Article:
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HONOLULU, Hawaii -- Proposals allowing casinos inside hotels along Honolulu's Waikiki Beach have met the same fate for 40 years -- rejection.
So what's different about a bill being discussed in the Hawaii Legislature that would allow casino gambling on the islands?
Simple, the battered Hawaiian economy.
Hawaii has taken its share of hits this recession because of its reliance on tourism tax dollars, putting legalized gambling back on the table again.
Taxes from gambling revenues are attracting the notice of lawmakers nationwide. In the past year, states such as Ohio, Pennsylvania, West Virginia, Delaware and Maryland have expanded or enhanced gaming laws.
Hawaii and Utah are the only two states without any form of legalized gaming, including casinos and lotteries.
Still, many analysts make passage of a casino bill in Hawaii a long shot.
"I'd say it's a greater probability of not passing this year," Union Gaming Group principal Bill Lerner said.
One interested observer of what's happening in Hawaii is Boyd Gaming Corp. The company relies on the Hawaiian islands to provide a large base of customers to its Las Vegas casinos, especially its downtown hotel-casino.
Boyd Gaming founder Sam Boyd began tapping the Hawaiian market in the 1970s. On any given day, alohawear is the norm at the California Hotel, Fremont or Main Street Station. Boyd even imported Hawaiian favorites, such as a Lappert's Ice Cream and Coffee franchise to give Hawaiian customers a taste of home.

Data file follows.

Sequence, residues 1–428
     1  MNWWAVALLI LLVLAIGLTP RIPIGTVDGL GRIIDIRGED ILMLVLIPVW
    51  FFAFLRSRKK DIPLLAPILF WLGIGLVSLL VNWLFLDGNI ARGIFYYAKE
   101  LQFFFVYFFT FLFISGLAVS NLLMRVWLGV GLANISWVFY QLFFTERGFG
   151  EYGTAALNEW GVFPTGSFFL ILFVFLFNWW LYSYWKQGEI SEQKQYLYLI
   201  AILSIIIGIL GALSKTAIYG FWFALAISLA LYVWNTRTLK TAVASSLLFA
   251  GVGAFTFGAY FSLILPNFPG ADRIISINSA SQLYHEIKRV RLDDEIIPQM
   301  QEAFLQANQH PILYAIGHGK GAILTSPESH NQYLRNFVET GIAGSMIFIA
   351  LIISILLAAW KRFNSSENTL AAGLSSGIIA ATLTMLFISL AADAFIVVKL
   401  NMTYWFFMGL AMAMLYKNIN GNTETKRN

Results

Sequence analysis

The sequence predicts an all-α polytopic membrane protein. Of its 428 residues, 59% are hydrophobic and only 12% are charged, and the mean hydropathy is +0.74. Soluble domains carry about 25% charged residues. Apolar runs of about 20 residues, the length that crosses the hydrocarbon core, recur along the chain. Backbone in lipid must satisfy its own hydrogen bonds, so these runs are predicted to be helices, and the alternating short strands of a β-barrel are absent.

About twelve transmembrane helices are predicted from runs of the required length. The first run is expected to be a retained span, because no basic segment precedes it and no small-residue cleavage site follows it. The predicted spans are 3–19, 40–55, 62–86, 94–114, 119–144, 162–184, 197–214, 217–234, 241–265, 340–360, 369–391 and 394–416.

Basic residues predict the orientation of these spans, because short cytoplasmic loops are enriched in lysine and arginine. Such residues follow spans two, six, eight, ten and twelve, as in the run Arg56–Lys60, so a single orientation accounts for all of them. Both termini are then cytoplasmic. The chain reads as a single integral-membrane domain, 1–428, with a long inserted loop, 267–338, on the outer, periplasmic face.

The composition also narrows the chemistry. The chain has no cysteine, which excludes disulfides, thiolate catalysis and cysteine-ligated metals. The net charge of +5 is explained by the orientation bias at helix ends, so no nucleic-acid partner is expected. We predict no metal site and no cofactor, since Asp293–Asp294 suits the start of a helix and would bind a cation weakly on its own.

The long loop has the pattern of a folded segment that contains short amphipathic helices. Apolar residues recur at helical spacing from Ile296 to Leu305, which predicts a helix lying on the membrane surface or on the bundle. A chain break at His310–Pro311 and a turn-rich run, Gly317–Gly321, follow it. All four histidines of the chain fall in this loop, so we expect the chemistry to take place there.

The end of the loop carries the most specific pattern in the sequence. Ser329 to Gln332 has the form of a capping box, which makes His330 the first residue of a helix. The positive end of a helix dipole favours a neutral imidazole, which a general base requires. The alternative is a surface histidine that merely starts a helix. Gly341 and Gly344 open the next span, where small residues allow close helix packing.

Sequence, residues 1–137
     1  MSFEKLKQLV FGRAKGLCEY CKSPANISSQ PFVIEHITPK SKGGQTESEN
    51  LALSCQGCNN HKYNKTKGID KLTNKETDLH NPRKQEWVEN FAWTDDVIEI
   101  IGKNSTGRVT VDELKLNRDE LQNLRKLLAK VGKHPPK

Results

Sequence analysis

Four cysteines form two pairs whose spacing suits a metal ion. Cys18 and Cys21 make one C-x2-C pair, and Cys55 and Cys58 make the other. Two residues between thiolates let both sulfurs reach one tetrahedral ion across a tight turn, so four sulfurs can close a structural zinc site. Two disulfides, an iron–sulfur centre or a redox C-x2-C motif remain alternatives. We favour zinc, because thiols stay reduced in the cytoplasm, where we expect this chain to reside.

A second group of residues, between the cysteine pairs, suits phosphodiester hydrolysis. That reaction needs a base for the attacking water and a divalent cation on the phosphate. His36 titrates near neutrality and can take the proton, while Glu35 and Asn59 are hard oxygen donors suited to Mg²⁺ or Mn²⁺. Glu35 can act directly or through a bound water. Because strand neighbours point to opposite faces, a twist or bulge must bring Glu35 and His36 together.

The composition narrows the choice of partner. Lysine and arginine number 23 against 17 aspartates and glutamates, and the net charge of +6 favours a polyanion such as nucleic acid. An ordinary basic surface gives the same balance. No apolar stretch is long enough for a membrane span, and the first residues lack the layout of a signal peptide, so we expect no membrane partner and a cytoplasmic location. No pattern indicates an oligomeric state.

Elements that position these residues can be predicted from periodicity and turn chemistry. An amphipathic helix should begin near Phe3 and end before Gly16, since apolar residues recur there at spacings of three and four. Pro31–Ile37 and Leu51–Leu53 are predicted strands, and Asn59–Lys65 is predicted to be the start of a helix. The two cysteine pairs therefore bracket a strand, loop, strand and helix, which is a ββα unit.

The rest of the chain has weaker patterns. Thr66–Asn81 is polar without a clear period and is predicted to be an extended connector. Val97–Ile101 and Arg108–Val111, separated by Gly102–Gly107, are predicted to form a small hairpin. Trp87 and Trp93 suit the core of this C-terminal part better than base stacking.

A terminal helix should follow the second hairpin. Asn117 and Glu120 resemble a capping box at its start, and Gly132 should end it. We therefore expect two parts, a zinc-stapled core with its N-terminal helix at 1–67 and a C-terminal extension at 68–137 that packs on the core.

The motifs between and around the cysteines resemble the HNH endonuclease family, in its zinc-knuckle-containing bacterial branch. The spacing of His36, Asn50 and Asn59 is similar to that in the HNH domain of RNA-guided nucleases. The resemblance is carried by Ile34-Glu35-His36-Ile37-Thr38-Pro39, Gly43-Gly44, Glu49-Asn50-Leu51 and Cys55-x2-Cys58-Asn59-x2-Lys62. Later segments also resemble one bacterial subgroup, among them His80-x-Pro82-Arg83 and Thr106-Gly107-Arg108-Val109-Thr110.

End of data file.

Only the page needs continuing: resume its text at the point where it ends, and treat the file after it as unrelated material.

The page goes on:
Company spokesman David Strow said Hawaii's gambling proposal is still in the early stages, but executives are watching the debate closely.
"It's something we'll monitor closely because Hawaii is a very significant market for our downtown casinos," Strow said. "We've had a strong relationship with our Hawaiian customers and it's a relationship we look forward to continuing."
The law was proposed earlier this month by a Hawaiian lawmaker, and the House Committee on Hawaiian Affairs passed the bill through to the entire legislative body.
The bill amends the Hawaiian Homes Commission Act to authorize casino gambling operations on Hawaiian homelands. It would establish a Hawaii Gaming Commission and now dictates that 80 percent of tax revenues generated from legalized gaming would be reserved for the Hawaiian Homelands Trust fund; the remaining 20 percent would go to the state's general fund.
Proponents believe Hawaii's fiscal crisis made lawmakers more supportive of casino gaming.
"I think when we have these economic hard times, things like this that people don't want to touch because of the politics, I think it's a great opportunity," said Rep. Mele Carroll, D, Lanai-Molokai, chairwoman of the Committee on Hawaiian Affairs.
A lobbyist said the state had proposed two casinos in 2000, one on the North Shore and one on Waikiki. If they were operating today, the casinos would have generated $712 million per year and employed 4,000 people.
Lerner said Boyd's downtown Las Vegas business from Hawaii is primarily based on travel through air charters.
"On the margin, there would be some convenience risk for their customers," Lerner said.
Downtown has had its issues, with gaming revenues off nearly double digits this year. Boyd's casinos generated net revenues of $54.9 million in the third quarter, a slight decline from a year ago.
The company said its cash flow downtown was up 26.1 percent in the latest quarter, which management attributed to the continued strength in the Hawaiian customer segment.
In a recent investors report on Boyd Gaming, Janney Montgomery Scott gaming analyst Brian McGill said the company is facing challenges in several markets, including disappointing results out of its regional properties.
The last thing Boyd Gaming needs is an event to hurt results from downtown.
"Boyd remains mired in many challenging markets, as it looks to see any signs of stabilization," McGill said. "We expect to see the results take another step down, when it reports its fourth-quarter results."
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